ArtsAutosBooksBusinessEducationEntertainmentFamilyFashionFoodGamesGenderHealthHolidaysHomeHubPagesPersonal FinancePetsPoliticsReligionSportsTechnologyTravel

8 Ways to Easily Spot Spam

Updated on September 30, 2017

Welcome guest writer, Sarah Butland. Enjoy the article and learn more about her at the end of the article.

We All Have Spam

Fraudulent emails are filling everyone’s mailboxes daily and as much as we try to set up filters to catch it all several or more still somehow make it to our inbox or message centre at social media sites. Some can be extremely obvious, offering a lottery win, picture we certainly do not want to see or are marked by our email software as spam while others are a bit more misleading.


Spam emails, social media posts, and messages can imply they are of a personal nature – looking for a spouse or long lost family member – others are more specific demanding you take action immediately or risk fraudulent activity happening with your finances.

Even the most tech-savvy of us are guilty of falling for some of these emails so here are eight tips on how you can be confident deleting an email is the best thing to do.

#1 It’s a Promise of Money

To win a contest or lottery you must first participate in that lottery. If your email states that you have won something you don’t remember entering, it may seem disheartening to say farewell to such large winnings but please delete this email. In the unlikely event you did enter a lottery through that company call or visit the company’s website directly to check – never click on the link included in the email or reply to ask.

#2 Share on Social Media to Win

With social media so popular there are plenty of new ways scammers are trying to catch their prey and coupons or chances to win are popular ones. Winning a cruise or being rewarded with slightly damaged or overstocked high value items just isn’t something that’s so easily done. Yes, there are companies who are taking advantage of going viral with an opportunity to win a ticket to their show or sample of their product and these are legitimate. The spam ones are specific to ads you need to click on that take you to a site that doesn’t belong to the company directly-, for example, is not about to reward you with tickets to Disney. Always check spelling and if it seems too good to be true (everyone who shares a post or forwards an email won’t get a cash prize) it probably is.

#3 Emails Are Poorly Edited

If a business is going to send you an email offering you a new opportunity you can be sure they had several people looking at it before it was sent. They will be very certain words are spelled correctly and the grammar used is proper for your preferred language. If you are having difficulty reading it because it’s in all caps, littered with spelling errors or, goodness forbid, spells the company name wrong you can be sure it’s spam or a phishing email.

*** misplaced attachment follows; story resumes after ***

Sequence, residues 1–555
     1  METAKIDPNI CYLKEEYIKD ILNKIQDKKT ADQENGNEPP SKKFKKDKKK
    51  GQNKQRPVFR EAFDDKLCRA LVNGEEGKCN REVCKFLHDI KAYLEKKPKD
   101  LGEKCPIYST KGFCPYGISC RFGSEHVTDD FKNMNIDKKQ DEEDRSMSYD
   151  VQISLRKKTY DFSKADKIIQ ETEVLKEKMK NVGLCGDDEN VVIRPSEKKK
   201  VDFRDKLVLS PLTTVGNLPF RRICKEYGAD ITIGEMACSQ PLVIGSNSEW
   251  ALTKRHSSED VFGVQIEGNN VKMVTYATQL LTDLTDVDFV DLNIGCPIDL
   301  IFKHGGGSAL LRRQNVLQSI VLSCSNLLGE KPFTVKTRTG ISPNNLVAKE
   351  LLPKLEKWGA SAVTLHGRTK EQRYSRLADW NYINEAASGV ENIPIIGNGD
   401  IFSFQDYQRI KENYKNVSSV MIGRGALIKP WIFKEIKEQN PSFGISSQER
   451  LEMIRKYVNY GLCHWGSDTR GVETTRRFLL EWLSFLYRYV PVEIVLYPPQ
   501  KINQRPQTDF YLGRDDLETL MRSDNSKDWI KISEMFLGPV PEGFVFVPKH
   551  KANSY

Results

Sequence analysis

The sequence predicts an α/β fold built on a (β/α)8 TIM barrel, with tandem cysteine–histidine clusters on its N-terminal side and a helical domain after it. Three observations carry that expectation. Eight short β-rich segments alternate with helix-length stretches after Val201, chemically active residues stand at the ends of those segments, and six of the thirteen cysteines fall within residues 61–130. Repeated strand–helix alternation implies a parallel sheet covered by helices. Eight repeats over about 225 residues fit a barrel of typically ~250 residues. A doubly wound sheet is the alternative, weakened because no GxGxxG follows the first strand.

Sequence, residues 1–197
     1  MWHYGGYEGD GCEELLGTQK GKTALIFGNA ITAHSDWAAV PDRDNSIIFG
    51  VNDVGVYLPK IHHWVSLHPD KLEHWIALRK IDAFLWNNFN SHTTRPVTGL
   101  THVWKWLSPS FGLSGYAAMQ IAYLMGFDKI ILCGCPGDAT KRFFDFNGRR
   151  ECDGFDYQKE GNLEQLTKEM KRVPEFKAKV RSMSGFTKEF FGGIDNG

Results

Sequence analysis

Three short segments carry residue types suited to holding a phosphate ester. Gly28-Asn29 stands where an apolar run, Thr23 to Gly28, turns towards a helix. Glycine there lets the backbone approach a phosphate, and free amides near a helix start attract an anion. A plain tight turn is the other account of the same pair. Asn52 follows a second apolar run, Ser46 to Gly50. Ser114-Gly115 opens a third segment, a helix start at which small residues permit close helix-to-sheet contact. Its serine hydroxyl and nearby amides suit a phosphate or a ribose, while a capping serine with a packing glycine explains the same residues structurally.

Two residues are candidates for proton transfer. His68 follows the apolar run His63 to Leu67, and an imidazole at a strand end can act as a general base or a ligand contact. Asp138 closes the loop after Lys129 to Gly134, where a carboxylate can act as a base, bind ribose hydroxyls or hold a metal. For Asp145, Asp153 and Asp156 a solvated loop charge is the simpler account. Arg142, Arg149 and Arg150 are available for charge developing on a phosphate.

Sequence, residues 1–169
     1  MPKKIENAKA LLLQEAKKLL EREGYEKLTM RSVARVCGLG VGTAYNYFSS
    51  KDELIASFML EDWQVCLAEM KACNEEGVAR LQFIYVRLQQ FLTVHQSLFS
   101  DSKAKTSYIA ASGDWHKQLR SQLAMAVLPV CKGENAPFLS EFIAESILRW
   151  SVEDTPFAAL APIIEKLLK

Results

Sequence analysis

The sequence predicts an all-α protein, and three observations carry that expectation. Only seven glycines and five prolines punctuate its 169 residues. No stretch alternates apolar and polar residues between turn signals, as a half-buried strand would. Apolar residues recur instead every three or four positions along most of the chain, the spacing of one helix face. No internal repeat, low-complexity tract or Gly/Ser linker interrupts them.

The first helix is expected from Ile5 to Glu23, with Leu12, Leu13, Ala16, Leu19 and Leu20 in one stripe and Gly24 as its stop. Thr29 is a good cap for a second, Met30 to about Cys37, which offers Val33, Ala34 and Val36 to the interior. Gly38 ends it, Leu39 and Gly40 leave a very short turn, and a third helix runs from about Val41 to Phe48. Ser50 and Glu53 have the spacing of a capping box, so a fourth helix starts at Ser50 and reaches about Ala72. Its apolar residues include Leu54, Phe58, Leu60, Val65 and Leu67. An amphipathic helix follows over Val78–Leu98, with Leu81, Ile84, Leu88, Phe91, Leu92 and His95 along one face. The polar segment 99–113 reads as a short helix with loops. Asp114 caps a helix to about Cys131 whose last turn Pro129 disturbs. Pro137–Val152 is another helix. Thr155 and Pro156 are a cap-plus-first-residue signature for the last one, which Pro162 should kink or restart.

#4 There’s A Zipped Attachment

Emails from your friends with an attachment in PDF or .Doc formats are pretty safe, especially if you were expecting one. On the other hand, an email from a stranger with an attachment you’re asked to download or open for no good reason (or an enticing one) should immediately be deleted. If the email appears to be from someone you know but the file name or format looks unusual – better safe than sorry, just give them a call to ask. More times than not, if you’re not expecting something from them it means they’ve been hacked and their system is trying to hack you, too.

#5 Congratulations for Nothing!

If an email is congratulating you on an application you never completed – just delete! Though the world sometimes works in mysterious ways, it can’t reward you for doing something you never did.

#6 Your Package Couldn’t Be Delivered

A common one these days is a notification of an unsuccessful delivery attempt. If you don’t remember ordering anything using that delivery method please don’t click on the link within the email as there is nothing actually coming for you (except trouble if you do click the link). Although it would be a nice surprise to receive something unexpectedly, most companies would leave a notification at your door or give you a call to ask for directions if needed. If you are expecting something from that company, give them a call or chat with them online to ask about their practices when no one is home or, better yet, provide them a tracking number for an update.

#7 It’s Not Addressed To You

If you are a valued customer or client of a business they will know your name and use it, they will also spell it correctly. That very first line of an email can be all you need to know if you should delete it or not as if it’s from a well-known company and addressed generically it’s not from them!

#8 It’s From a Company You Have Never Dealt With

It can be easy to be alarmed when you receive an urgent request or threat of account closure even if you have never dealt with the company it’s purportedly coming from. This just means the spammer got a list of email address and hopes that at least one of the hundreds or thousands of people receiving their message do deal with that company, will click on the link and enter their details without a second though.